CB: Half an hour before the first round started we realized we didn't have any idea [how to select the SP] so we quickly devised the card system, a through h. [...] In the second round we built the giant die about an hour before the round started. We used 2' by 3' [that's feet, not inches!] poster boards and cut a foot off each poster board to keep the die in shape. [...] FEB: And then came the roulette wheel. [...] CB: Depending on the spin of the wheel, whichever piece came up we started on a1 and worked our way across the board. For the fourth round we used some games that the previous players had played, based on the last move in those particular games. We chose the games that finished one with a King move, one with a King move, a couple of Knights... The two players that didn't have games chose in order alternating which game they would choose related to which piece we would place on the squares. For our last round we used the roulette again, slightly modified.
The last round selection is captured in a video clip.
Kings Vs. Queens - Selecting the Chess 960 Starting position (4:49) 'Arbiter Chris Bird and GM Yasser Seirawan chose the final Chess 960 position in St. Louis.'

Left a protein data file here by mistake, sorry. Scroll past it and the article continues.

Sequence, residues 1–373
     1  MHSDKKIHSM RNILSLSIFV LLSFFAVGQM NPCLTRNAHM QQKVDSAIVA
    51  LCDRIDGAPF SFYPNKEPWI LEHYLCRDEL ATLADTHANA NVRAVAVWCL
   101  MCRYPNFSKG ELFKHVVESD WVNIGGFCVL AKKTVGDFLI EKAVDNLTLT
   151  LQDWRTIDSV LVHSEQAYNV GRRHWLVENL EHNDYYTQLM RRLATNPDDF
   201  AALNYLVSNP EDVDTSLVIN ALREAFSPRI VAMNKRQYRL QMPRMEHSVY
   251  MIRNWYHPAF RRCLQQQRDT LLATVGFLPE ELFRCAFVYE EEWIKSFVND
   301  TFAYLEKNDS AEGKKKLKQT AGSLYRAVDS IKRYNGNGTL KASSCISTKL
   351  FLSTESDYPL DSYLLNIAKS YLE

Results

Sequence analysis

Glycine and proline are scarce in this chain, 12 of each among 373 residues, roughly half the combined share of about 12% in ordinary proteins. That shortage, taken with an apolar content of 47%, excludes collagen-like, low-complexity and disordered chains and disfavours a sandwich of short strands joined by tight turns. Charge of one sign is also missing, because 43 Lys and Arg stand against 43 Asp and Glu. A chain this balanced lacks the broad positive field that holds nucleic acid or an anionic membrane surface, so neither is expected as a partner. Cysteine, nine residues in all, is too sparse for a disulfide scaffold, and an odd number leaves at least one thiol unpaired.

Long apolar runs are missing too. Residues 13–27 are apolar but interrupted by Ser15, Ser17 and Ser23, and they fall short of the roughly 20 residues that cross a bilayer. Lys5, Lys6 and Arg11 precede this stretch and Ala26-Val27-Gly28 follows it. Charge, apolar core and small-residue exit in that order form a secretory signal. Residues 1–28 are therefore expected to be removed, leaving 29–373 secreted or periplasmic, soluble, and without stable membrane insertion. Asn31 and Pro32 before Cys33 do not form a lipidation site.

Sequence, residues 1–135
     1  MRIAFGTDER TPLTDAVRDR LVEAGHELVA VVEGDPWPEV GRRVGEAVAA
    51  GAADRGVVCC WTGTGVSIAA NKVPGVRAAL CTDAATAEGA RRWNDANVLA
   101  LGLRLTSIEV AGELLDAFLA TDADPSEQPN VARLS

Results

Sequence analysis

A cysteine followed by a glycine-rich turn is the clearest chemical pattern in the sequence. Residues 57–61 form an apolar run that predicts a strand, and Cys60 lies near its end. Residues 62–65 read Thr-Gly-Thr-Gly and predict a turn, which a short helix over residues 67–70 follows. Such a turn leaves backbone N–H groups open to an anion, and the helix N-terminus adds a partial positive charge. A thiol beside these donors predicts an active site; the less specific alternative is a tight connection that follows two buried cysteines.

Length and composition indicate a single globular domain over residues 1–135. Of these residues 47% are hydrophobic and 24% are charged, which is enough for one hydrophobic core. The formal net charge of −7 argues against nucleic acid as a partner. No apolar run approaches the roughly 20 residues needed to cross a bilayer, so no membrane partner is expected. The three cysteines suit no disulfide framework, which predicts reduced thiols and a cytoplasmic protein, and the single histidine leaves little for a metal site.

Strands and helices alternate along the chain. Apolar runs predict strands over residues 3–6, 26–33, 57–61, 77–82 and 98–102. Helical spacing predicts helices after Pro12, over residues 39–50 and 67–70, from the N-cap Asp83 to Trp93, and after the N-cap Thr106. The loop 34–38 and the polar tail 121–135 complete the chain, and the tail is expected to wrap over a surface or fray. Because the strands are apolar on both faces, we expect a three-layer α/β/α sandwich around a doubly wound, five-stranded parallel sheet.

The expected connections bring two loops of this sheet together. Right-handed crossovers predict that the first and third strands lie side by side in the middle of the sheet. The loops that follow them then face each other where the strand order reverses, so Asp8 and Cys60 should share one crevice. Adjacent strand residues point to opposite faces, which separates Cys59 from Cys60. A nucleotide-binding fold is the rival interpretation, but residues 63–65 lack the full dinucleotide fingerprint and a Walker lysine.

While it was a great idea to make a ceremony for the selection of each round's start position, there are easier ways to go about it. A random procedure to determine the start squares for the Queen and minor pieces also establishes the position of the King and Rooks. To have a completely unbiased choice, the Bishops are best placed before the Queen and Knights. Another idea that I've not seen anywhere else is the set of Special Chess960 Dice used in Canada last year. After I wrote that post, I asked the organizers if they knew where to procure the dice, but never received a response.
The FEB podcast wasn't only about roulette wheels. There was also a discussion about the prospects of chess960 ever catching on in a big way. GM Kosteniuk, one of the five women who played in St.Louis, was surprisingly downbeat.
Q: So you don't see chess960 growing to become more established or more widely played among grandmasters? A: I don't think so. It's interesting, it's fun. You don't have all these theoretical lines, but it's not considered to be serious and I don't think it will substitute for classical chess.
This is the most important question that can be asked and answered about chess960. I think Kosteniuk is wrong, but no one really knows for sure.